Georgina Turner
Friday October 1st, 2010

LONDON -- It's more than an hour since the whistle was blown on Tottenham Hotspur's Champions League victory over FC Twente on Wednesday. As the stewards make their final checks of the stands and the last remaining hospitality suite revelers are coaxed to exits, Gareth Bale makes his way around the pitch toward the players' car park, the last man out of the home dressing room again.

Even on a night when Rafael van der Vaart wrote the headlines and Roman Pavlyuchenko scored twice, Bale's performance won him another bottle of Man of the Match bubbly and endless appointments with camera-wielding scrums. His face appears repeatedly in the match program and supporters queued for hours when he attended last week's kit launch. He is Spurs' poster boy for 2010.

It's easy to forget that not much more than a year ago, Bale was on the fringes of Harry Redknapp's team, a bit-part player whose Tottenham career had been blighted by injury. In two years, he'd made 24 appearances, none of them a Spurs win. His reputation as a jinx was such that Alex Ferguson reportedly told Redknapp he'd be mad to pick Bale. Kept out of the team by Benoit Assou-Ekotto, rumors linked him with loan moves to Championship sides such as Nottingham Forest.

"It shows that my hard work in games and in training has paid off," Bale said in his quiet manner, clutching the champagne that he, being teetotal, won't drink. "It's good -- I'm just enjoying playing my football. I always believed in myself that if I got my chance I would be able to play well and do well for Tottenham, so I'm happy. I'm happy to be playing every week and doing my best for the team."

In the second half of last season, Bale put together a run of consistently eye-catching -- and often match-winning -- performances. He's Spurs' top scorer in the league so far, and set up all four goals against Young Boys in August. His quick shift from the bench to the forefront of Tottenham's drive toward Champions League soccer has led to a deluge of stories about his "transformation."

It suits Redknapp's style of man-management for people to talk that way, and Bale himself has credited his manager with delivering a few necessary home truths about his staying power. But there's a strong case for saying that 2010 has brought a change of fortune as much as anything; Redknapp has aged a good vintage, not turned water into wine.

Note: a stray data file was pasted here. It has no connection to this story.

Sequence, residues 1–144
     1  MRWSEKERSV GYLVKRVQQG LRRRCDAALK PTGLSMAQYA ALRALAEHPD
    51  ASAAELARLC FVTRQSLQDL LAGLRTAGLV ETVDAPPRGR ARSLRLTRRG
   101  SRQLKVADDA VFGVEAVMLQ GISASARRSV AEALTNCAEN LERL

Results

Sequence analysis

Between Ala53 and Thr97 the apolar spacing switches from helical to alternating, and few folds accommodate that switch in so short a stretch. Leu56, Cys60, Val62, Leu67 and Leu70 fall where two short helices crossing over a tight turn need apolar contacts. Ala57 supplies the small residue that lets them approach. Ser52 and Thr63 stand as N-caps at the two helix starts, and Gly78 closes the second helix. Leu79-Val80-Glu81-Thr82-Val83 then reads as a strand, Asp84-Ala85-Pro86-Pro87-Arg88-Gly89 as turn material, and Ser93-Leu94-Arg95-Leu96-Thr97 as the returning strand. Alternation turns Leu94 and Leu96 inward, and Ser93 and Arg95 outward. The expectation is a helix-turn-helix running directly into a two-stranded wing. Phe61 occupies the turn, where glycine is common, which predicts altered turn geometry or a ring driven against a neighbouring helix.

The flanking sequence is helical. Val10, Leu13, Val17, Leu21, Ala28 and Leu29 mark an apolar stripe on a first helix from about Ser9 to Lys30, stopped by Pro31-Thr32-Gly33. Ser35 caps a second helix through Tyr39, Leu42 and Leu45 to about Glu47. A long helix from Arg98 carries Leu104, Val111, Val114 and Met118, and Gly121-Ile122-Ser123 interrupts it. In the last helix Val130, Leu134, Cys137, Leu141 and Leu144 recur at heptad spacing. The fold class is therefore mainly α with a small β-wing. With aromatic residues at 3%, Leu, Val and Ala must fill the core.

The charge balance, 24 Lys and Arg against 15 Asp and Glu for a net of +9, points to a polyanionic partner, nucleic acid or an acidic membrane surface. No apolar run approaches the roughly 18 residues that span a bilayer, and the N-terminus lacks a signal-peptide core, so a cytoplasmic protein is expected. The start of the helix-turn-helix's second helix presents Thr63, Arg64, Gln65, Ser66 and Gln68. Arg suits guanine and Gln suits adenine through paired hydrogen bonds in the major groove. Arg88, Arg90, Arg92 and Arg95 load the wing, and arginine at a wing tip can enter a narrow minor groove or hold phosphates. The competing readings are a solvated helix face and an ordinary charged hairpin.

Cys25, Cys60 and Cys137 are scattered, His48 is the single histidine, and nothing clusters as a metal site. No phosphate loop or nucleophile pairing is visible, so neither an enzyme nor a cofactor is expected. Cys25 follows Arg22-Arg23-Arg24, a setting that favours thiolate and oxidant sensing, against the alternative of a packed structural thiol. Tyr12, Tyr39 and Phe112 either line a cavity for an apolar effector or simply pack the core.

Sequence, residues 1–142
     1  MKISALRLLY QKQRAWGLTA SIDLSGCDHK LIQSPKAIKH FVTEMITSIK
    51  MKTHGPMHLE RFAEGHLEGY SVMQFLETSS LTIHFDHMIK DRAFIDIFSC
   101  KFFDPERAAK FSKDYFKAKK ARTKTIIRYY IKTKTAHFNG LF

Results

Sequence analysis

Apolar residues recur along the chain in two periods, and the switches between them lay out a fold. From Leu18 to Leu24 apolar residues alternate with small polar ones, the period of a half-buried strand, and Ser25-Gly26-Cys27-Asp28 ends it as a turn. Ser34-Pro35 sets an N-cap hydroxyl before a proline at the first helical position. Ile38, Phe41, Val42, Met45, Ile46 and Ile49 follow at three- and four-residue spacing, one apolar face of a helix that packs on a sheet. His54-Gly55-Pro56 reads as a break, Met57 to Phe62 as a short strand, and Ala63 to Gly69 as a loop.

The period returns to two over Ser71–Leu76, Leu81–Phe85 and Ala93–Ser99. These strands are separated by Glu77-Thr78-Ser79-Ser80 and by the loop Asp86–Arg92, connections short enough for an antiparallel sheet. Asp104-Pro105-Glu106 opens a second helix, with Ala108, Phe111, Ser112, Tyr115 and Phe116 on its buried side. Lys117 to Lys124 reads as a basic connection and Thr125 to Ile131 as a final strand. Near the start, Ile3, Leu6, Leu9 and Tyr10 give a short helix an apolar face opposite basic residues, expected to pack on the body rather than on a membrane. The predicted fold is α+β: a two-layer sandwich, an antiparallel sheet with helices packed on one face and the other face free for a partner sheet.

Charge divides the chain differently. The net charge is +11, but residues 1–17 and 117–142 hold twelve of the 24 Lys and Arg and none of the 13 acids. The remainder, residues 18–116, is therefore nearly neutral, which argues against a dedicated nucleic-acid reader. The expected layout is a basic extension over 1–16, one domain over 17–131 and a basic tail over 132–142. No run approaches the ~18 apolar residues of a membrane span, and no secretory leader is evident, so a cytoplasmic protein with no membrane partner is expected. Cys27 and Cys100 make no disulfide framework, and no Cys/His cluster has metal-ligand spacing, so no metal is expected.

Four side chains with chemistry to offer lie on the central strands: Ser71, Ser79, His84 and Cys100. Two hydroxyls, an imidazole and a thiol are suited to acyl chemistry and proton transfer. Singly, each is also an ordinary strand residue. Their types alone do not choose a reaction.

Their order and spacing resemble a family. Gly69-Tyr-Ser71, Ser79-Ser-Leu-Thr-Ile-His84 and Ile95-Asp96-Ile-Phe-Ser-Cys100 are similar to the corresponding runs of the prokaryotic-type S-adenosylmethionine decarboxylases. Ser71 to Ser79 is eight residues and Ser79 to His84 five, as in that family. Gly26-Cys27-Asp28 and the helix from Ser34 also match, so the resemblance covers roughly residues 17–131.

Even at school (in a sporty class containing two future Welsh rugby professionals), Bale was so much better at soccer than his peers that his PE teacher would make him, a natural left-footer, play using only his right foot, or allow him only one touch, to try to level the field. By the time he arrived in north London from Southampton in 2007, the 17-year-old had a reputation for lethal free kicks and the Football League Young Player of the Year title in his pocket.

Under Martin Jol, Bale made his Tottenham debut against Manchester United on Aug. 26 of that year, combining athleticism with Dimitar Berbatov's artistry to torment Wes Brown, Rio Ferdinand and Nemanja Vidic in a match Spurs ought to have won. He scored in each of his next three starts, but his promising season ended before Christmas thanks to an ankle injury.

Where Redknapp (and perhaps the simple passing of time -- Bale is still only 21) has arguably added to the young Welshman's game is his resilience. Bale shot up by eight inches in his midteens but making the most of his new 6-foot-2 physique was harder in the Premier League. Part of Redknapp's toughening-up regime was to instruct the physio not to attend to Bale in training: "Just leave him on the floor."

Sounds cruel, but there was evidence of its success on Wednesday night: White Hart Lane was silenced, momentarily, when Bale's momentum carried him into the advertising hoardings and he lay crumpled, clutching his leg. The stretcher was readied and Redknapp surveyed his bench, looking grave. But Bale ran it off.